WebRTC: players, business models and implications for telecommunication carriers
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WebRTC: players, business models and implications for telecommunication carriers

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WebRTC: players, business models and implications for telecommunication carriers Presentation Transcript

  • 1. Hier bitte vollflächig Titelbild einfügen Bild immer bis zu den ODER Kanten führen Diesen Text und Begrenzungslinie unten mit einem weissen Kasten überdecken. Titel: Zweite Zeile Orange+ fett formatieren! © mm1 Consulting & Management, Stuttgart/Aichwaldmm1 Consulting & ManagementWebRTC: A reviewA technology and its implicationsBonn, October 2012
  • 2. WebRTC: Summary • Real-time Communication embedded in browser • Based on HTML5 Technology • Open Source backed and pushed by Google • No signalling: i.e. no infrastructure defined • Google • Mozilla Players • Apple: directly affected non-player • Microsoft: directly affected non-player • Still very much in flux Business • First level: video-based games or communication Models • B2B2C: provide the missing signalling backplane • Enemy of my enemy is my friend: WebRTC squeezes OTT • Too far from traditional TelCo business to have direct effect Implications • Some potential for innovative providers of cloud-based infrastructure 2
  • 3. Technology: WebRTC provides full video, voice and text communication capabilities to web browsers RTC: Real-Time Communications, i.e. text, voice and video It is an implementation of an IETF workgroup (RTCweb)  open standard Based on code Google acquired from Global IP Solutions (GIPS: the voice engine used by Skype) Released to the public domain:  open source WebRTC enables rich media applications such as voice calls, video chat, white-boarding, gaming etc. without any client or plug-in to run from a browser using simple HTML and JavaScript APIs. 3
  • 4. Technology: Pure greenfield technology with heavy useof Web 2.0 and HTML 5 elements  Media fully supported  Pure JavaScript: no plugins or executable beyond the browser!  open standard (IETF), open source (thx to Google)  No signalling: switching and connecting is out of scope, i.e. bring (or rather build) your own network.  No legacy integration provided: pure greenfield disruption  Very high-level and user friendly: „With the WebRTC spec, a great 1:1 video chat experience can be built with under 100 lines of JavaScript code” 4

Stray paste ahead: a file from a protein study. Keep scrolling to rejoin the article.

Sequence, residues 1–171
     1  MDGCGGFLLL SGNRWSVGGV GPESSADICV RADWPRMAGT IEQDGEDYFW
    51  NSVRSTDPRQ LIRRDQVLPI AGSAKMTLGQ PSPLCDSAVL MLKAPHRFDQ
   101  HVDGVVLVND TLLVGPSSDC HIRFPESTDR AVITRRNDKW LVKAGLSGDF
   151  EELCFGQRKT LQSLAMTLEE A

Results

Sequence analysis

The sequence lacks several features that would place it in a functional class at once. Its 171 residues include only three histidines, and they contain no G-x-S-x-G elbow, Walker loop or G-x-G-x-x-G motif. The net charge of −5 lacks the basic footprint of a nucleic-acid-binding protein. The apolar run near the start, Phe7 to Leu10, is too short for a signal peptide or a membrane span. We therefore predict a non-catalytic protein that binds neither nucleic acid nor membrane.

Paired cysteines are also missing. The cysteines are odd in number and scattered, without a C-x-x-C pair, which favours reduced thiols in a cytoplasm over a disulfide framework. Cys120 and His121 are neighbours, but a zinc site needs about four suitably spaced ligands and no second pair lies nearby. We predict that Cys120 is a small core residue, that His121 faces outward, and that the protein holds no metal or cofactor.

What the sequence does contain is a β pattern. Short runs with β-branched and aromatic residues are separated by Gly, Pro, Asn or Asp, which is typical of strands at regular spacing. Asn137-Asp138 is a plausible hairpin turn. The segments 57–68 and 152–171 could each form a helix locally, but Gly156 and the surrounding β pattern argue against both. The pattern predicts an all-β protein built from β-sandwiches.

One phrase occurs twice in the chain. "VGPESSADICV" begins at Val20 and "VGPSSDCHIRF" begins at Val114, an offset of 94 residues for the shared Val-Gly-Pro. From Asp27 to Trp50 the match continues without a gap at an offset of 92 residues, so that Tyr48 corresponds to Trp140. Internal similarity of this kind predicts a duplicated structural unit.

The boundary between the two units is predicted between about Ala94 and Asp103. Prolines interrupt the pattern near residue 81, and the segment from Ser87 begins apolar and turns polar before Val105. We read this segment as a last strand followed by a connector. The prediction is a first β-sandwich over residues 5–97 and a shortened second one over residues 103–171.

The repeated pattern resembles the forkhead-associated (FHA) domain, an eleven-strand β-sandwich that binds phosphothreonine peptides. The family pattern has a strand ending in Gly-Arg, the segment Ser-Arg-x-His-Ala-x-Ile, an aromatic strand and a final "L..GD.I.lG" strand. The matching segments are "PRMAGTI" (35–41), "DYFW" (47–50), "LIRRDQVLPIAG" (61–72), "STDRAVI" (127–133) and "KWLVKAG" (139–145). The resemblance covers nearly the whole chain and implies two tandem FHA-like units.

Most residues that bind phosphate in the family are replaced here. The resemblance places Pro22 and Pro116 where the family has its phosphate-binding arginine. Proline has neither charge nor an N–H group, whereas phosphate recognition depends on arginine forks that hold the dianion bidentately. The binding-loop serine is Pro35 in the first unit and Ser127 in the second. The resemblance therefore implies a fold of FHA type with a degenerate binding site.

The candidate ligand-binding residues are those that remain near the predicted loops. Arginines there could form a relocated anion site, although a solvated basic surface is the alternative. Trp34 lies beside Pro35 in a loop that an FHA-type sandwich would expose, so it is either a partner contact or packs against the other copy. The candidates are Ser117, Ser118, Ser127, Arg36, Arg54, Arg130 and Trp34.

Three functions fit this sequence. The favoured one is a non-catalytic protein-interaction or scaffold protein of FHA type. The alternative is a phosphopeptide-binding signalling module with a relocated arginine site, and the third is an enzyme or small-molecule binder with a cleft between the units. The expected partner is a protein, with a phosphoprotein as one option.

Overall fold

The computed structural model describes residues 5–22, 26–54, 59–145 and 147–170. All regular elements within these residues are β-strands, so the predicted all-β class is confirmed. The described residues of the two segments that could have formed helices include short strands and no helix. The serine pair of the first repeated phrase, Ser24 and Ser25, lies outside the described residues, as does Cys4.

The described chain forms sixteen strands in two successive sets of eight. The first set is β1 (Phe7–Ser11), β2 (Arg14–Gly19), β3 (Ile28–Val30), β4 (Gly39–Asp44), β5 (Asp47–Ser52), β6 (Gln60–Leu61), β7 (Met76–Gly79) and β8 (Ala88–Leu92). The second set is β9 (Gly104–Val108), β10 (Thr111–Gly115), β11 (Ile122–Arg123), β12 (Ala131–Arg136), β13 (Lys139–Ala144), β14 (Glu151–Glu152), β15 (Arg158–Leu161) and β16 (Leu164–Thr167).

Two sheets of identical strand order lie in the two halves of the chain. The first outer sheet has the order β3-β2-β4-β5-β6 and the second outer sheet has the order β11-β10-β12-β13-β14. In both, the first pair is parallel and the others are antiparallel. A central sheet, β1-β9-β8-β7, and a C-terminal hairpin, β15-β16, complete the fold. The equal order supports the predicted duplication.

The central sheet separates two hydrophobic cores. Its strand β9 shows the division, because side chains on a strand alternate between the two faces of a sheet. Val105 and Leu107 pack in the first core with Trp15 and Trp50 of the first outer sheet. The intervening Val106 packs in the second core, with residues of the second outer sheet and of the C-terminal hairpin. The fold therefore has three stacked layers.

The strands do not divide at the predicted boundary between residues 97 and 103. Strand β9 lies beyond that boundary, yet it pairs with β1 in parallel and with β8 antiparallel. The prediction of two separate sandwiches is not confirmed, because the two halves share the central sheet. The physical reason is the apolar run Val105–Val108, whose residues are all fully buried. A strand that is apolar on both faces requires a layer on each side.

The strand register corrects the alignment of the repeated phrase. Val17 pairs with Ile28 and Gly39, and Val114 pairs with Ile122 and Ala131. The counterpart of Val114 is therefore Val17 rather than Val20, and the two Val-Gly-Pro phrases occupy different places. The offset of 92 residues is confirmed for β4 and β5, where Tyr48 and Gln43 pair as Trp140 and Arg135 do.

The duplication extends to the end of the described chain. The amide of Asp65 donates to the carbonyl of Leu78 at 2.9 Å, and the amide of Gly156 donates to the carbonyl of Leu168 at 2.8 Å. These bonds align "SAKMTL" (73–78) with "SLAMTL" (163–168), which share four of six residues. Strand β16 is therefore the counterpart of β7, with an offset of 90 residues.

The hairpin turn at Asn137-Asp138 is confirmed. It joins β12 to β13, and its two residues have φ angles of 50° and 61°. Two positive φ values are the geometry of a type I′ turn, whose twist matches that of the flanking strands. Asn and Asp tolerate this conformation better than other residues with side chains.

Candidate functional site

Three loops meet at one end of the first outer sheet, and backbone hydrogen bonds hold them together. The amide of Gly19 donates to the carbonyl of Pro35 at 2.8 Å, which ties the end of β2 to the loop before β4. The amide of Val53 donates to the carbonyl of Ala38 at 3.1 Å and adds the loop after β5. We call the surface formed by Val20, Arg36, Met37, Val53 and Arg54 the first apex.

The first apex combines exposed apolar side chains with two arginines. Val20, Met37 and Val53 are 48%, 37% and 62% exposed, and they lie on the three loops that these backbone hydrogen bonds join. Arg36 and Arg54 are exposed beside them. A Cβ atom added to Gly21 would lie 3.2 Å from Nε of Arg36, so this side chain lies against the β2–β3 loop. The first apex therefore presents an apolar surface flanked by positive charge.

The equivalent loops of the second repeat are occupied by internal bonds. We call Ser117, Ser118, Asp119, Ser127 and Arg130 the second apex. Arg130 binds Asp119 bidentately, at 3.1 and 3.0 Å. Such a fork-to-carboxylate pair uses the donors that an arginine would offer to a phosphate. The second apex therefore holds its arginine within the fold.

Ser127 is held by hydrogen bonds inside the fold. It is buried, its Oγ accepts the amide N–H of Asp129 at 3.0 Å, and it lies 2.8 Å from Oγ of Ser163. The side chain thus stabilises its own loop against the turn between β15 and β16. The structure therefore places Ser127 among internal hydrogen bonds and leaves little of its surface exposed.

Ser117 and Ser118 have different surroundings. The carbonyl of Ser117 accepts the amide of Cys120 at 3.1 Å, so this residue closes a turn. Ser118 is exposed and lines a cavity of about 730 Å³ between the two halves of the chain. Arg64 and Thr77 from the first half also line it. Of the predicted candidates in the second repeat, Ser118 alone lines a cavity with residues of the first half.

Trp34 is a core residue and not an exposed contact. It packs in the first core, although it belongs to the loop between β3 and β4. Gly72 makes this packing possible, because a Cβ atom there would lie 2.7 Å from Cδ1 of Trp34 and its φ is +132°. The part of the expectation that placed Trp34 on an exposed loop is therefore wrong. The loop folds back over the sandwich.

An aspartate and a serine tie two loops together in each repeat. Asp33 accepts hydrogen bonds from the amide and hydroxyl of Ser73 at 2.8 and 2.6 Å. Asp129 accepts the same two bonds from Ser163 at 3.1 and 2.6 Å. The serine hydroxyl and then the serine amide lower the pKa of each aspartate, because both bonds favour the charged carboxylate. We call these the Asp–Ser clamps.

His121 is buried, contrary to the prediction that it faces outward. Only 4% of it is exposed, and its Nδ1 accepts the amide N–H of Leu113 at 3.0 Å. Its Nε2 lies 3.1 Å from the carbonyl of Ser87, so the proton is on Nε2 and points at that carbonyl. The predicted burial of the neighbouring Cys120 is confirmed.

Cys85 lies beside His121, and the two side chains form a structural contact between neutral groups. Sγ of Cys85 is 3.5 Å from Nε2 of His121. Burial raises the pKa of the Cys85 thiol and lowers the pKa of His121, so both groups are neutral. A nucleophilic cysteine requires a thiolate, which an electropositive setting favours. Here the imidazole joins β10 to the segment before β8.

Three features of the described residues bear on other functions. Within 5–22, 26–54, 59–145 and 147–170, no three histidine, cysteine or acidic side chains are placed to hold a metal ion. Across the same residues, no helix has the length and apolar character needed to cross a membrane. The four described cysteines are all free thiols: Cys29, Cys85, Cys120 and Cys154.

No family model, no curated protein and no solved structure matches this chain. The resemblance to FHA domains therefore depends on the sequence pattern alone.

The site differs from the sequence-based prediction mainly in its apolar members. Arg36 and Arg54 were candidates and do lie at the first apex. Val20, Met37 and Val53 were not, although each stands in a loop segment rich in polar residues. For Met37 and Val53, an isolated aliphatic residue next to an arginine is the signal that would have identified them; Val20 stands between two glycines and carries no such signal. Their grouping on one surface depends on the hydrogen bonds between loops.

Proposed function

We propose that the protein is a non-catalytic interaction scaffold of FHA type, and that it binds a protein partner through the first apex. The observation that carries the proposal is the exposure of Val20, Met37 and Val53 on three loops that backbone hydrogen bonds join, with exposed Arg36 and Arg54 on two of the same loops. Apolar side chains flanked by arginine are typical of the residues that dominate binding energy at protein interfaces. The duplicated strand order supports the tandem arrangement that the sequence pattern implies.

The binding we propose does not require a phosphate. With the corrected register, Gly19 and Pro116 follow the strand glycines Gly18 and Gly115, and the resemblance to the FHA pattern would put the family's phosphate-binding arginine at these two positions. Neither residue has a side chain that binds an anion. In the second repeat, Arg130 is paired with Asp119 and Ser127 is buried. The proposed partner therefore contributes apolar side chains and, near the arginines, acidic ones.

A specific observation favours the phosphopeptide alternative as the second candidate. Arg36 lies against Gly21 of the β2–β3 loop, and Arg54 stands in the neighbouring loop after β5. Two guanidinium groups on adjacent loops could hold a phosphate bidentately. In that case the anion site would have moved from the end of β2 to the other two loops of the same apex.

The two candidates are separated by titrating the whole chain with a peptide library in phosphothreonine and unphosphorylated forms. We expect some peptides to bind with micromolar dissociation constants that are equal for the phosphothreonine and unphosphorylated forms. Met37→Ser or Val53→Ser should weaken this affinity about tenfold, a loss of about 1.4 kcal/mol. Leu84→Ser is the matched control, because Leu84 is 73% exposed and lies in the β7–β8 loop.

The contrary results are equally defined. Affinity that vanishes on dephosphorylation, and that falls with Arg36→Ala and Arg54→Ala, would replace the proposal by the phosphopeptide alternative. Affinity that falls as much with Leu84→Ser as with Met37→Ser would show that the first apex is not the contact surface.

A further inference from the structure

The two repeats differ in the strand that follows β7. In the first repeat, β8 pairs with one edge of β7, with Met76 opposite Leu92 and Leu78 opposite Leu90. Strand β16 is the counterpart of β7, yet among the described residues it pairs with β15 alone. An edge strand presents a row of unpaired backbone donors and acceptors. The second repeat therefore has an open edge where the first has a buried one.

• 5. Players: Google is using the „Android“-model to createcritical mass and market penetration  Build and improve a high-quality technology framework.  License it to the public domain (BSD license)  Support by providing stage and technical support  Mozilla has already joined  Microsoft is attempting the C# approach: push a Redmond flavor  Apple is above this...  So far no big 3rd party players  Early stage: Voxeo, Twilio and Plivo will probably respond (because of Browser2Phone Use Case) 5
  • 6. Business Models: Much still unclear, and need todifferentiate two phases Critical Mass is reached when browsers with integrated WebRTC have reached sufficient penetration Before After  B2C: Focus on one on one  Unified communication in the games and video. browser  B2C: Browser2Phone and  Great future for browser- Phone2Browser based OS, e.g. ChromeOS,  B2B: still too many questions Boot2Gecko  B2B2C: provide the missing  Bad news for VoIP OTT signalling plane and players infrastructure Whatever the business models and whoever the players: a signalling backplane, ideally exposed through APIs for easy integration is needed 6
  • 7. Implications: WebRTC is so innovative that it is still 2degrees removed from incumbent carriers  Is the enemy of my enemy my friend?  The biggest immediate threat seems to be to „insular“ OTT players such as Skype, WhatsApp, FaceTime etc.  Potentially tilt balance of power from Apple to Google, especially if Google manages to integrate with Android and/or ChromeOS as well as Google Cloud.  Innovative infrastructure providers will fill the need for B2B2C infrastructure.  In terms of current players this role will be filled by Voxeo, Twilio and Plivo.  The backend will be purely cloud-based, and will therefore not directly affect current telecommunication networks  Potential (if done rightly ....): Provide API glue based on Developer Garden, possibly based on Tropo API 7
  • 8. BACKUPmm1 bid management: The CCT approach. 8
  • 9. WebRTC Infrastructure and Ecosystem1. Browser2. Webserver (reception)3. WebRTC Service Platform (service)4. auxiliary: WebRTC – SIP/PSTN gateway mm1 bid management: The CCT approach. 9
  • 10. Market penetration will be almost completeChrome, Firefox and IE are working on it.Android browsers – tablets first – will follow  Google Chrome: WebRTC in developer channel.  Google Talk and Google Hangouts (G+) will eventually be ported to WebRTC.  Mozilla Firefox: Mozilla integrated WebRTC into its Firefox alpha in early 2012 which gave the browser the ability to perform audio mixing on a media stream. In April 2012 Mozilla released a demo of WebRTC video calling that ran inside the Firefox browser  Internet Explorer: Microsoft has also started work on implementation of the API  Android browsers: rumours only...but think of the implications! mm1 bid management: The CCT approach. 10
  • 11. WebRTC cs. SIP-based VoIP: technobabble.. Classic VoIP WebRTC SIP or H.323 in Signaling Undefined most cases Media transport RTP/RTCP RTP/RTCP SRTP in SIP,H.235 Security SRTP in H.323 STUN/TURN/ICE in STUN/TUR NAT traversal SIP,H.450.x in N/ICE H.323 Video codecs H.263, H.264 VP8 G.7xx series of G.711, Voice codecs codecs, and then iLBC, iSAC some 11
  • 12. Use Cases: by nature this is a pure OTT proposition  Video conferencing: Video in browser  Browser 2 phone  Web-based help desk communication:  Integration of Call Center and CRM: coming soon  Social Communication: coming soon 12